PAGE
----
Preserve those summer veggies

Published 9:22 am Thursday, June 22, 2017

By Marilyn Wells

Family and Consumer

Sciences Agent

Davie County Center,

Cooperative Extension

Gardens and farmers markets will soon be overflowing with delicious summer vegetables. Why not save some vegetables and fruits for the months ahead? Unless foods are preserved, microorganisms such as mold, yeast and bacteria will cause spoilage soon after harvesting.

The three main methods of preserving foods are canning, freezing and drying. Canning is the method of packing jars and processing to a temperature that destroys microorganisms. Processing kills bacteria, yeasts and molds that can cause food spoilage and foodborne illness.  Processing can be done in a water bath canner or a pressure canner, depending on the acidity level in the food.

Acid foods such as fruits and tomatoes can be canned in boiling water, while low acid vegetables and meats must be processed in a pressure canner at 11 pounds pressure for a dial gauge or 10 pounds for a weighted gauge.

Use only standard canning jars. Other commercial jars are not resistant to temperature extremes that may cause breakage. Check jars for cracks, chips or nicks on the top edge. Any flaw could cause breakage or prevent sealing.

• Wash canning jars in a dishwasher or in hot soapy water and rinse well. Keep jars hot in the dishwasher or hot water until ready to fill.

• Only use a two piece canning lid. The set is a flat metal lid and a screw on band. The sealing compound on the flat lid will form the vacuum seal needed during cooling of the jars. The bands may be cleaned and dried after use and be reused in future canning. Never reuse a metal lid.

• A water bath canner is a large deep kettle with a lid and a rack to hold jars. Fill with water to 1-2 inches above the jars for processing. Use a water bath canner to process acid foods such as fruit, acidified tomatoes, and properly pickled vegetables.

• A pressure canner is used to process low acid foods including meats, seafood, poultry, and all vegetables. A pressure canner has a tight-fitting lid with a gasket and a pressure gauge. A weighted gauge fits over the air vent tube. It permits pressure in the canner to rise to the desired point and then releases excess steam by jiggling. Check the vent tube to be sure it hasn’t been bent or damaged during use. A dial gauge has a needle that moves along a numbered scale to indicate the pressure inside the canner. Each year check with your FCS agent at the NC Cooperative Extension in Yadkinville at 679-2061, for a dial gauge check to be sure of accuracy.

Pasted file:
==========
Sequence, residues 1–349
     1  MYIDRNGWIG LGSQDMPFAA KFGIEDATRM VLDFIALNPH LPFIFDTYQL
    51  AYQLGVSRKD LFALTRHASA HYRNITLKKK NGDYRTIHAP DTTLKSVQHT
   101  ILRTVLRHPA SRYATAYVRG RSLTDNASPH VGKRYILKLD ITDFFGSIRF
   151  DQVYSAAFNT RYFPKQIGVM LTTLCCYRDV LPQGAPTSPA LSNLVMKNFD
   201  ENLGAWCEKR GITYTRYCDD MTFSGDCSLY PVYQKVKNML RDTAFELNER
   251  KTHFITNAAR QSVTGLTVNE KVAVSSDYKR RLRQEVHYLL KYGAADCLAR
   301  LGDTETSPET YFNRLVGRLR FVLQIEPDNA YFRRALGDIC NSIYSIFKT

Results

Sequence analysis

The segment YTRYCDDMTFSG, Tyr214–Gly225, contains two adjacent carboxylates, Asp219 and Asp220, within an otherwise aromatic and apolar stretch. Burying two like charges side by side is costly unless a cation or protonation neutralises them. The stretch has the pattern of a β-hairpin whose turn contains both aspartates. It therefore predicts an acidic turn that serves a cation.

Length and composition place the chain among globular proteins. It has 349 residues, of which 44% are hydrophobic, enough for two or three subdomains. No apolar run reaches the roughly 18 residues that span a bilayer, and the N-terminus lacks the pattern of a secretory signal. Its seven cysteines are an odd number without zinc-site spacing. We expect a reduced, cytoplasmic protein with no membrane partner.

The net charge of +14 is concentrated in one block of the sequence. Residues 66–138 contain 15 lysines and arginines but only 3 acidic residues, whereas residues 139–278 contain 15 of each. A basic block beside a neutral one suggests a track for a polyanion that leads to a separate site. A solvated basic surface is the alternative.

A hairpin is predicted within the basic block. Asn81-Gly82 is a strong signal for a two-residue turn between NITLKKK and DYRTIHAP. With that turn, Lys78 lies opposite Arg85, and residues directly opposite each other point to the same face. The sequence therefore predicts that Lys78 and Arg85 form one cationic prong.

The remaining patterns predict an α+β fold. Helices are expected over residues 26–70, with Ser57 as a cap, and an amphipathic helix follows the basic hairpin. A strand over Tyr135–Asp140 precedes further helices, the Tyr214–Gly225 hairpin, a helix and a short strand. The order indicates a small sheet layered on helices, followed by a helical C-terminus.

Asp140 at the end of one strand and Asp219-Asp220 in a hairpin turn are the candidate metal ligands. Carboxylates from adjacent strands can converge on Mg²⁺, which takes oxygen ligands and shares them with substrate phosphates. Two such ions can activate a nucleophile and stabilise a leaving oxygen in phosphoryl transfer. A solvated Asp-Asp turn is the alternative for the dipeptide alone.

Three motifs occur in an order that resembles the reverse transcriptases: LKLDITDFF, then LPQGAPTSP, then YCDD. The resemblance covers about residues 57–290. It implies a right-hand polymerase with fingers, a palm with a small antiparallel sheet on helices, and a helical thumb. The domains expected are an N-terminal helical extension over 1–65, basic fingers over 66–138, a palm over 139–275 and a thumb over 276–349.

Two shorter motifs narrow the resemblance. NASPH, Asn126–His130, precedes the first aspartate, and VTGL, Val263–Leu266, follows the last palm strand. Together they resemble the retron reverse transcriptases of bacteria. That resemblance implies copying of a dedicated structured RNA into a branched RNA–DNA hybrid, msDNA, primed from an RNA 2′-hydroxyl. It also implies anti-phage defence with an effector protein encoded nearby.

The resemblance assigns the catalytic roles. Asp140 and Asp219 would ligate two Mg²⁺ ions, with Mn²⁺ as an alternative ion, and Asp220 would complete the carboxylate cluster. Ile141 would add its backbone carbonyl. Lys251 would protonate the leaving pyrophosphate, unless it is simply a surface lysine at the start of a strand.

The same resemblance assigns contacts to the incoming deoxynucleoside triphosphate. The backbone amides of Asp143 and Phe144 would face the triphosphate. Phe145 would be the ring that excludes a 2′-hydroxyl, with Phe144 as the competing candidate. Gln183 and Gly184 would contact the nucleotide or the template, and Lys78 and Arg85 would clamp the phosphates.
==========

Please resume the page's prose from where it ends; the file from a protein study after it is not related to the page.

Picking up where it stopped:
• Select high quality, unblemished fruits and vegetables for canning. Pack acid foods to within ½ inch of the top of the jar. Low acid foods should be packed to within 1 inch of the top of the jar. Fill the remaining space in the jar with water or juice. Wipe the jar rims clean, put on the lid with the sealing compound next to the jar rim, and screw the band down firmly so that it is hand-tight. Do not use a jar wrench to tighten bands. If the band is too tight the lid may buckle under pressure. There must be enough give for air to escape from the jars during processing.

• Because many new varieties of tomatoes have a variety of ph values, it is now recommended to add acid to the canning process whether you use boiling water bath or a pressure canner.  To insure the correct acidity, add 1 T. of bottled lemon juice or ¼ t. citric acid or 2 T. vinegar per pint. For quarts, add 2 T. bottled lemon juice, ½ t. citric acid or 4 T. of vinegar to each jar.

• Read the manufacturer’s instructions for use of your pressure canner. Center canner over the burner and heat on high. Heat until the water boils and steam flows freely from the vent port for 10 minutes. After the venting, place the counter weight or weighted gauge on the vent port. For a dial gauge canner allow the pressure to rise to 8 lb. and then turn the burner down slightly for the pressure to continue to rise slowly. For weighted gauge canners, let the canner heat quickly until steam begins to escape from the gauge, or the gauge moves and jiggles. Adjust the heat down slightly. Start timing when the dial gauge indicates that the recommended 11 lb. pressure is reached or when the weighted gauge begins to jiggle or rock 2-3 times per minute. Adjust the heat under the canner to maintain a steady pressure. When the amount of processing time is reached, cut off the burner and allow the canner to cool down naturally. It is dangerous to try to open the canner before the pressure is completely down, wait 10 minutes before carefully opening the lid. Using a jar lifter, place jars on towels or a cake rack for cooling. Do not remove the bands or disturb the jars for 12 to 24 hours. Enjoy the popping sounds of the jars as they seall

• Carefully follow processing directions from research based materials obtained from the NC Cooperative Extension office,, the Ball Blue Book, the National Center for Home Food Preservation, or For further information call 336- 753-6100.

Try some of the these research-based recipes from the USDA website, “Complete Guide to Home Canning,” published by the National Center for Home Food Preservation. Use a source that is research based.